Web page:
Thirty-two stories by thirty-two writers, all acclaimed for their talents, makes this a very desirable book for the lover of noir in all its fascinating varieties. Award-winning author Kenneth Wishnia introduces the collection with a definition of noir as it relates to the Jewish experience, beginning from biblical times until today. He reminds us that the Jews are called ivrim or “from the other side” — strangers, wanderers, rootless people. We are the “chosen ones” but also cursed; our biblical stories are nightmarish, as is our history both ancient and modern, filled with tormentors and pursuers, inquisitions and blood libels, satans and angels, visionaries and prophets of doom and man-made yet divinely touched golems. What can be darker, more noir-ish than that?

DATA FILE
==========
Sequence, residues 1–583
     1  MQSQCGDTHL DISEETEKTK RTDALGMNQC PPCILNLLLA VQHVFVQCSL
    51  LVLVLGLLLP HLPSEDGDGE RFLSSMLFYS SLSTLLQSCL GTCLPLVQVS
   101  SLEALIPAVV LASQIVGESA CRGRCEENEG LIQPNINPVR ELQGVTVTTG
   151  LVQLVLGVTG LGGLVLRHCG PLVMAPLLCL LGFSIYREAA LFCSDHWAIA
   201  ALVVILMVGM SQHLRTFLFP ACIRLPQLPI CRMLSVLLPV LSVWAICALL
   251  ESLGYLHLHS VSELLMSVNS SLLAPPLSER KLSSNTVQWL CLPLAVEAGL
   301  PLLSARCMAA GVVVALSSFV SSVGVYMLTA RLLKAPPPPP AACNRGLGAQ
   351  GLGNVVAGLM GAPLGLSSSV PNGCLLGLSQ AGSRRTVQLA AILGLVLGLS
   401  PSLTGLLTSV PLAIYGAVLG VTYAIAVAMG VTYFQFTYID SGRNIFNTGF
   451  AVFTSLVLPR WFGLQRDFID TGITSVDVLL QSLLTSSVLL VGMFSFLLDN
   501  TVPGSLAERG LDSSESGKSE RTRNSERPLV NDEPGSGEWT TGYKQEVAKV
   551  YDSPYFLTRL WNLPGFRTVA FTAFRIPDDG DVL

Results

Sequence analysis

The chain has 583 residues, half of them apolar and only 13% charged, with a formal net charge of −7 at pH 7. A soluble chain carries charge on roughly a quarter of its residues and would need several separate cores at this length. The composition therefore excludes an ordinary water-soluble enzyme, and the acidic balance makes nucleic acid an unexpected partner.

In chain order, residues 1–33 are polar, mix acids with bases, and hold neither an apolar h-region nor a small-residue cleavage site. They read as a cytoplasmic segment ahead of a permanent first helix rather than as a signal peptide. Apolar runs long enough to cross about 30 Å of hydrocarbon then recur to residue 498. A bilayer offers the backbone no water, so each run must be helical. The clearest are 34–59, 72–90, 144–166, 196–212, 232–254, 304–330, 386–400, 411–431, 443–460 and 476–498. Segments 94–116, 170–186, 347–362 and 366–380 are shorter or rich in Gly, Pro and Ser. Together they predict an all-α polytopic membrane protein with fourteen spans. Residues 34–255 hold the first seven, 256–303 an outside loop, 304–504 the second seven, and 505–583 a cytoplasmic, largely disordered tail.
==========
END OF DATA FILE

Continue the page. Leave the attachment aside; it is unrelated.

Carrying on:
Wishnia’s work is included in this collection, as well as that of S. J. Rozan and David Liss. A 1912 Yiddish story “A Simkhe” by Yente Serdatsky is reprinted here from the Forverts in English for the very first time. The rest, however, are modern-day tales about the last and current centuries. The content covers the Holocaust era, antisemitism on the college campus, ethical issues, and crime fiction — with touches of dark humor added in for good measure as well. The stories are short, entertaining, quick reads. As with any short story collection, if you don’t happen to love one, you’ll surely adore the next piece.